Wednesday, February 15, 2012

Confusion at the Pharmacy: Unanticipated Copay Assistance

Note: Please click through and read this post to the end.  I REALLY was flabbergasted and befuddled.  :)

There I was this morning at the pharmacy with my mouth gaping open.  The pharmacist had said, “You just need to sign here.  There is no copay.” 

What?!  I didn’t owe anything?  That can’t be right.  

I knew that I needed to fulfill my insurance’s $100 deductible for prescription medications for this calendar year.  I even had my credit card in hand ready to swipe through the card reader.   Ready to pay the big bucks to bring home my precious one-month supply of Nuvigil (which I take to combat MS-related fatigue on occasion).

“Why is that?  I know that I owe something,” I said.

My pharmacist pulled out a brochure which included a plastic “Nuvigil Prescription Savings Card” from the pharmaceutical company.  It clearly advertises “co-pay as low as $5 on your prescription refills.”  A footnote at the bottom of the front page states that this “offer [is] limited to insured patients only.”  Limitations apply.

Read this post in its entirety:

Financial Incentives to Choose One Medication Over Another: The Nuvigil Copay Program

1 comment:

  1. Very interesting. I've been taking Provigil for about a year and a half, and it helps a lot with the unbearable fatigue. Then in January my insurance company switched our pharmacy benefit manager to CVS/Caremark, and they abruptly took away my pre-approval for Provigil, and denied two appeals from my doctor. They said they'd cover it if I needed to stay awake to work a night shift, but being disabled with M.S.-related fatigue is not, according to them, a valid reason for being prescribed Provigil.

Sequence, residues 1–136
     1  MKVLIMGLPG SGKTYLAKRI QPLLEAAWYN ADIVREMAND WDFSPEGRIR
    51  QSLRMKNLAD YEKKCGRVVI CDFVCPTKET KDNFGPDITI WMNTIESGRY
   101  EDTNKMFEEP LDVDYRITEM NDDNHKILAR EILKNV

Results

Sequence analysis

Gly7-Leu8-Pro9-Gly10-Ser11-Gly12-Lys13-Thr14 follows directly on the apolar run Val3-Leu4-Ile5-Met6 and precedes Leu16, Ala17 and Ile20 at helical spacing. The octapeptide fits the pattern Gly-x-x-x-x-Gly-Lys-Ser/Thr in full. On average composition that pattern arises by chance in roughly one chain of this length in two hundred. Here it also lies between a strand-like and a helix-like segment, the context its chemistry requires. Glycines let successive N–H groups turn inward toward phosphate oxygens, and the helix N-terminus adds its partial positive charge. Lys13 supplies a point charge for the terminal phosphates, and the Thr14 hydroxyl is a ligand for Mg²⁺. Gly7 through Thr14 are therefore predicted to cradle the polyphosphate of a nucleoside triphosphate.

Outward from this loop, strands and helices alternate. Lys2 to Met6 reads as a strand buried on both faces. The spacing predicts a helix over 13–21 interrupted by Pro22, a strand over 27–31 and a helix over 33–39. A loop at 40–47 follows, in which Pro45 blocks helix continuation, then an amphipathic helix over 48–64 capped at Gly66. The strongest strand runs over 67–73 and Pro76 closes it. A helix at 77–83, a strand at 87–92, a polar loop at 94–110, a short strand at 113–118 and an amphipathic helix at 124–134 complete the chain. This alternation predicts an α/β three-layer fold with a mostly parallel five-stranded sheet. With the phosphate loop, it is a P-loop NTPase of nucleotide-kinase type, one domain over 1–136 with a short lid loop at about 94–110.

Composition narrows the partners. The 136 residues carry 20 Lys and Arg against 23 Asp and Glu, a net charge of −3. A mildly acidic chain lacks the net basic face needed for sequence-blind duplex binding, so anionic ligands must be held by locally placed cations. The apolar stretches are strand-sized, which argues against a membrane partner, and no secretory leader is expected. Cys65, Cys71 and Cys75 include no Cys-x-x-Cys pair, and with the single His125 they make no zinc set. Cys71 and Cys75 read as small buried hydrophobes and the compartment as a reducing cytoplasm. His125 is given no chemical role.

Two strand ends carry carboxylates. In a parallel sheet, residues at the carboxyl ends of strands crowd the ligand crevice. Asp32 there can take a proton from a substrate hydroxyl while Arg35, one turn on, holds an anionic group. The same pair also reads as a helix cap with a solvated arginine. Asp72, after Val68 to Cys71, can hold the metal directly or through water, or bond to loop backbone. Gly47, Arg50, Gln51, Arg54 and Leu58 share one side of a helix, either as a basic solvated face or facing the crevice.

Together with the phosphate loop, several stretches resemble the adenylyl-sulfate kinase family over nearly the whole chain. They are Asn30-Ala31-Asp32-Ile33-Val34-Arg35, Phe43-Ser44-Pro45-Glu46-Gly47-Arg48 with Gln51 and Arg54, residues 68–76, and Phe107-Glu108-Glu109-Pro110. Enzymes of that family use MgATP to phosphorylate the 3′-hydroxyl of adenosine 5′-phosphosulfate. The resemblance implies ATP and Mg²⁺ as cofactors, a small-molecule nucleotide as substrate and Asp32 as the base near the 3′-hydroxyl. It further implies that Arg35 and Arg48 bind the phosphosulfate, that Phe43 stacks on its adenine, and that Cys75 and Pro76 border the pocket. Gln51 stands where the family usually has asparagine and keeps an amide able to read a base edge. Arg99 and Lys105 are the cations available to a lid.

I hadn't known about the shenanigans with Nuvigil, although I had heard that they had been jacking up the price on Provigil to squeeze every last dollar out of people before the patent runs out. Currently, it will cost me around $1,000 for a month's prescription if I can no longer get coverage. Also, I've had so many problems with some of my meds when they've been switched to generics, that I'm not all that certain even that will help come April.

    I've heard mixed opinions from patients with M.S. who've switched to Nuvigil from Provigil. Some have suggested that they had more side effects and less help with their fatigue. I'm curious to know more about your experience. Did you switch from Provigil? Thanks for yet another informative post. And I'm glad you were able to benefit, if even only for a month, from their sales strategy!